Jay Jaffe is an author of Baseball Prospectus. 
Click here to see Jay's other articles. You can contact Jay by clicking here

12 comments have been left for this article. (Click to hide comments)

BP Comment Quick Links

BP staff member Steven Goldman
BP staff

I'll grudgingly give you Bobby Bonilla as a third baseman (950 games/3950 PA as a 3B), but reject Edgar Martinez (552 G/2269 PA) and Paul Molitor (788 G/3622 PA). At that point, why not include Harmon Killebrew (775/3084), Dick Allen (652/2836) or Pete Rose (631/2902)? As such, I think the rankings have got to be recalculated--something that will make Rolen's case even more favorable.

Otherwise, your analysis is dead on as usual--the Bobby Grich comp is especially tasty. One wonders how history would have changed if Grich had not reversed himself and turned down the Yankees' FA offer for '77 at the last minute (he would played SS; the move would have meant no Bucky Dent, no Reggie Jackson).

May 26, 2010 09:06 AM
 
BP staff member Jay Jaffe
BP staff

The JAWS system's positional classifications depend upon where a player accumulated the most WARP value in his career, which is generally (but not always) where he had a plurality of games, instead of an arbitrary threshold for total games played at a position. By that admittedly imperfect method (which is spit out automatically in Clay Davenport's reports), both Allen and the Killer classify as first basemen (both did play more games there than at the hot corner), and Rose as a left fielder. Remember, though, it's only Hall of Famers whose scores are actually part of the JAWS standard.

Furthermore, when I compare multi-position players, and particularly guys who wound up spending a good portion of their careers at DH, I also compare them to broader classifications such as outfielders, corner infielders, or all hitters. Thus while Edgar Martinez comes in a bit low on the third base scale, he's essentially on the money via the hitter-at-large standard (69.4/45.4/57.4).

May 26, 2010 09:23 AM
 
BurrRutledge

Jay, love these articles, and also lovin' the charts. The charts allow easy comparisons between the players. Thanks!

May 26, 2010 10:44 AM
rating: 0
 
TangoTiger

Jay, if you have a certain degree of uncertainty regarding BPro's fielding metric (or any fielding metric for that matter), you can look at other metrics to see where he stands.

Fangraphs has three such metrics. Total Zone (created by Baseball Projection) has Rolen at +143 runs (+97 since 2002). UZR (since 2002) has him at +95 runs. Dewan's Runs Saved (since 2002) has him at +90 runs. So, calling Rolen around a +150 for his career sounds ok.

Clay has Rolen at +184 runs, which is certainly believable enough, in light of the above numbers, and in light of actually seeing him play.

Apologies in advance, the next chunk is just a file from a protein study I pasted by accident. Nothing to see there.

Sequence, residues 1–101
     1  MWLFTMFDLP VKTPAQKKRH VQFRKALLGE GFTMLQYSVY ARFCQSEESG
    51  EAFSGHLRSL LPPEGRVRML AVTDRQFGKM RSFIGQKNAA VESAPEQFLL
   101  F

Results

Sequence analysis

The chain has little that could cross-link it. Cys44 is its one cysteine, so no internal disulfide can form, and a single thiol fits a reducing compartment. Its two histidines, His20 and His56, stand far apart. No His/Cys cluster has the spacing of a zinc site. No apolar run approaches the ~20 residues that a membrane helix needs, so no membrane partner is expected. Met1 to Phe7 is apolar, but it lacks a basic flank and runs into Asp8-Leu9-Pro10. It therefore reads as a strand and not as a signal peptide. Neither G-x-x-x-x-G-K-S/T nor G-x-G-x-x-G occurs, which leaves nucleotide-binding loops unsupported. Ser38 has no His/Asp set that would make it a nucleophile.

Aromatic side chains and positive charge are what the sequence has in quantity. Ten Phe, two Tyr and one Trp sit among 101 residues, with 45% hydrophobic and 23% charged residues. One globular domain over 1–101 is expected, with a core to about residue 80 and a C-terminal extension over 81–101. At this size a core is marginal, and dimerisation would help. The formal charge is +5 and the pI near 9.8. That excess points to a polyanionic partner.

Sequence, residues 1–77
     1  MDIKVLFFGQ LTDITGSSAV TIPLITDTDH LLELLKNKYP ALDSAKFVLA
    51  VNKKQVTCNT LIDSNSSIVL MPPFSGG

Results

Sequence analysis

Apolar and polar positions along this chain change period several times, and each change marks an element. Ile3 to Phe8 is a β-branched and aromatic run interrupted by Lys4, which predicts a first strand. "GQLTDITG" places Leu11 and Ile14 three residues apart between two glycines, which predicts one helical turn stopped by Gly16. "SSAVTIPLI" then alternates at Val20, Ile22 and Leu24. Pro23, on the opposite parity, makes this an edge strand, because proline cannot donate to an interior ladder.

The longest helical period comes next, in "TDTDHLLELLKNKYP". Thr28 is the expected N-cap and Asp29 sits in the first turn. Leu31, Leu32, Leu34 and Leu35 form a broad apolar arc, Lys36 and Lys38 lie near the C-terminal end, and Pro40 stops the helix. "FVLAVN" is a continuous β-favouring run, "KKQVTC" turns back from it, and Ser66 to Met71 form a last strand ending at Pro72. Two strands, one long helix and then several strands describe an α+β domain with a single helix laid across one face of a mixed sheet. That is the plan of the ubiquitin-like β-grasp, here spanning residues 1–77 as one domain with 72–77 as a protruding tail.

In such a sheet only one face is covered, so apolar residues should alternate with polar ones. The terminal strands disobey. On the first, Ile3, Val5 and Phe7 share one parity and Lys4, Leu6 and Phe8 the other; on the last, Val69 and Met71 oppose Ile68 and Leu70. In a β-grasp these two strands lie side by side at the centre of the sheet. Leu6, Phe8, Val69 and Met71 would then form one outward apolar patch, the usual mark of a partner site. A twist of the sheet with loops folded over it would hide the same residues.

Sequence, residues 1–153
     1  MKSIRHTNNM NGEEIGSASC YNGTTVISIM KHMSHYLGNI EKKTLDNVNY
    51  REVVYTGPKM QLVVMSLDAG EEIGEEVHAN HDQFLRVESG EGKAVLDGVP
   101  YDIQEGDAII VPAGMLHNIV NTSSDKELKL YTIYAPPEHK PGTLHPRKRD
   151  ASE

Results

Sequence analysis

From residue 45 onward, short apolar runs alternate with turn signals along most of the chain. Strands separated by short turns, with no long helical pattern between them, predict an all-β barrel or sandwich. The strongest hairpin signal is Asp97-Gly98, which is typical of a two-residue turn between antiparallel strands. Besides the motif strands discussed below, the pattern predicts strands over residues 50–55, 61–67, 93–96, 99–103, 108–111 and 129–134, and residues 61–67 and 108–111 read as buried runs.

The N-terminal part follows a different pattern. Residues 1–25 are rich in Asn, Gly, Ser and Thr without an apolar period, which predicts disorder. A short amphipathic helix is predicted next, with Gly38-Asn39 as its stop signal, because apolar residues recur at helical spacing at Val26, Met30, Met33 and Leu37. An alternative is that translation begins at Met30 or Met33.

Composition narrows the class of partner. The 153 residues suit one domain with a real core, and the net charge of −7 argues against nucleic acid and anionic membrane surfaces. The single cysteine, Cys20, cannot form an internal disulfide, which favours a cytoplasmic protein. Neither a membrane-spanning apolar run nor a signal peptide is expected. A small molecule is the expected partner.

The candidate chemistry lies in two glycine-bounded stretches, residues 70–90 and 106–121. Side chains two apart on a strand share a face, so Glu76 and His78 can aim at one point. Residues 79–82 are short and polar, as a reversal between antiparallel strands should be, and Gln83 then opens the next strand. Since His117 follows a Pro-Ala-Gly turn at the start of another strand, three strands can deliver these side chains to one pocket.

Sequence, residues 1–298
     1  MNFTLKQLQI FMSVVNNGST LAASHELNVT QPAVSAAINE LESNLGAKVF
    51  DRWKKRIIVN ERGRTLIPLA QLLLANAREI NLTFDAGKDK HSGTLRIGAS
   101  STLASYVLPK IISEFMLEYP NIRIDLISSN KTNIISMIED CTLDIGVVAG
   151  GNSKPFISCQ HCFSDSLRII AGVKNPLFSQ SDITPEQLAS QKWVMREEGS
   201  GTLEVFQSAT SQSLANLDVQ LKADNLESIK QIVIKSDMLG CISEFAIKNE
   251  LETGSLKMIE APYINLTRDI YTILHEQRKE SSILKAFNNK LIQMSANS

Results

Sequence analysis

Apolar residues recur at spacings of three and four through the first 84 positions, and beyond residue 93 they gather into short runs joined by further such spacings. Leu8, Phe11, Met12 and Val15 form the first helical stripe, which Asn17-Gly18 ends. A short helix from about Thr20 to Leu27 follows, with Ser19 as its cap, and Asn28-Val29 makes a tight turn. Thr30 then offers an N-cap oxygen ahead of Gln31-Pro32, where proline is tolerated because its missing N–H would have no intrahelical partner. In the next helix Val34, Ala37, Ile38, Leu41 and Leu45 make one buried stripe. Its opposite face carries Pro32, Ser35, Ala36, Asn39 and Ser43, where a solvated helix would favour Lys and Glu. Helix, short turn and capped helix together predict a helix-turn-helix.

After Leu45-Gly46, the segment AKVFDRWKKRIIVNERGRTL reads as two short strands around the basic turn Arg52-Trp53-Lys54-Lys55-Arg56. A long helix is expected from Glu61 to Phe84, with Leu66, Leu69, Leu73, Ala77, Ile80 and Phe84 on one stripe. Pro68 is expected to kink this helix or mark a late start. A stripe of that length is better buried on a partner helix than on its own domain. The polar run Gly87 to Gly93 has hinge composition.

May 26, 2010 11:19 AM
rating: 0
 
BP staff member Jay Jaffe
BP staff

Thanks, Tango, I'm well aware of all of those metrics as well, but I didn't get a chance to pull the numbers earlier. I'm glad to see that they support the idea that Rolen's a standout defender.

What's also interesting is the difference between his standing on the JAWS scale and that of Chipper Jones, whose fielding the FRAA system simply hates but who of course has a much fuller resume when it comes to the more traditional Cooperstown credentials (MVP, strong individual postseason track record, not to mention being a key part of the Braves' dynasty, better HOFS and HOFM scores). The aforementioned defensive metrics put him between -34 (TZ) and +5 (DRS) for the 2002-2010 segment of his career. A closer look at his year-by-year numbers show that most of the FRAA damage was done prior to 2002; since then he's only at -29.

May 26, 2010 12:10 PM
 
Richard Bergstrom

I can buy that Rolen is a great fielder, but we're also talking about a guy who appeared in more than 140 games in 7 seasons out of 13 seasons. I understand FRAA is a counting stat which suggests Rolen would have been even better and more HoF worthy, especially from a fielding persepctive if he had played every game... but I think the lack of durability counts against him.

May 26, 2010 18:25 PM
rating: 0
 
BP staff member Jay Jaffe
BP staff

Well, it's certainly had an impact on his hitting stats, which is what 99% of his case will be based upon when it comes before the writers, hence my assessment of his actual chances.

May 27, 2010 06:06 AM
 
BP staff member Colin Wyers
BP staff

[quote]Jay, if you have a certain degree of uncertainty regarding BPro's fielding metric (or any fielding metric for that matter), you can look at other metrics to see where he stands.[/quote]

But we don't, do we? We have an uncertain degree of uncertainty, for all fielding metrics.

Jun 30, 2010 12:47 PM
 
cakuffner
(979)

One name I'm a bit surprised to not see on your chart is Graig Nettles. Where does JAWS rank him? Thanks.

May 27, 2010 07:12 AM
rating: 0
 
BP staff member Jay Jaffe
BP staff

Nettles (50.8/35.9/43.4) would be two rungs below Buddy Bell on the chart. +122 FRAA but only +7 RAP.

May 27, 2010 09:34 AM
 
BP staff member Steven Goldman
BP staff

How damaging is Nettles' long post-peak period to his ranking? Buddy Bell just wasn't a better player than Nettles.

May 27, 2010 09:56 AM
 
BP staff member Jay Jaffe
BP staff

Nettles compiled just 7.9 WARP from 1979-1988, a period that includes two strong seasons with the Padres in 1984-1985 (7.3 WARP combined). He and Bell are very close in terms of career numbers on the latest build of the DT cards (which close the defensive gap to 11 runs and just one point of True Average).

There really isn't much that separates the two. On the traditional merits, Bell had five All-Star appearances and six Gold Gloves. Nettles, whose peak overlapped with Brooks Robinson a bit more directly, six All-Star appearances and two Gold Gloves. Bell has the slight edge on HOFM (67-63), Nettles on HOFS (31-30). The main difference between the two is that one played 53 games in the postseason and won a couple of rings, the other never reached October.

May 27, 2010 12:19 PM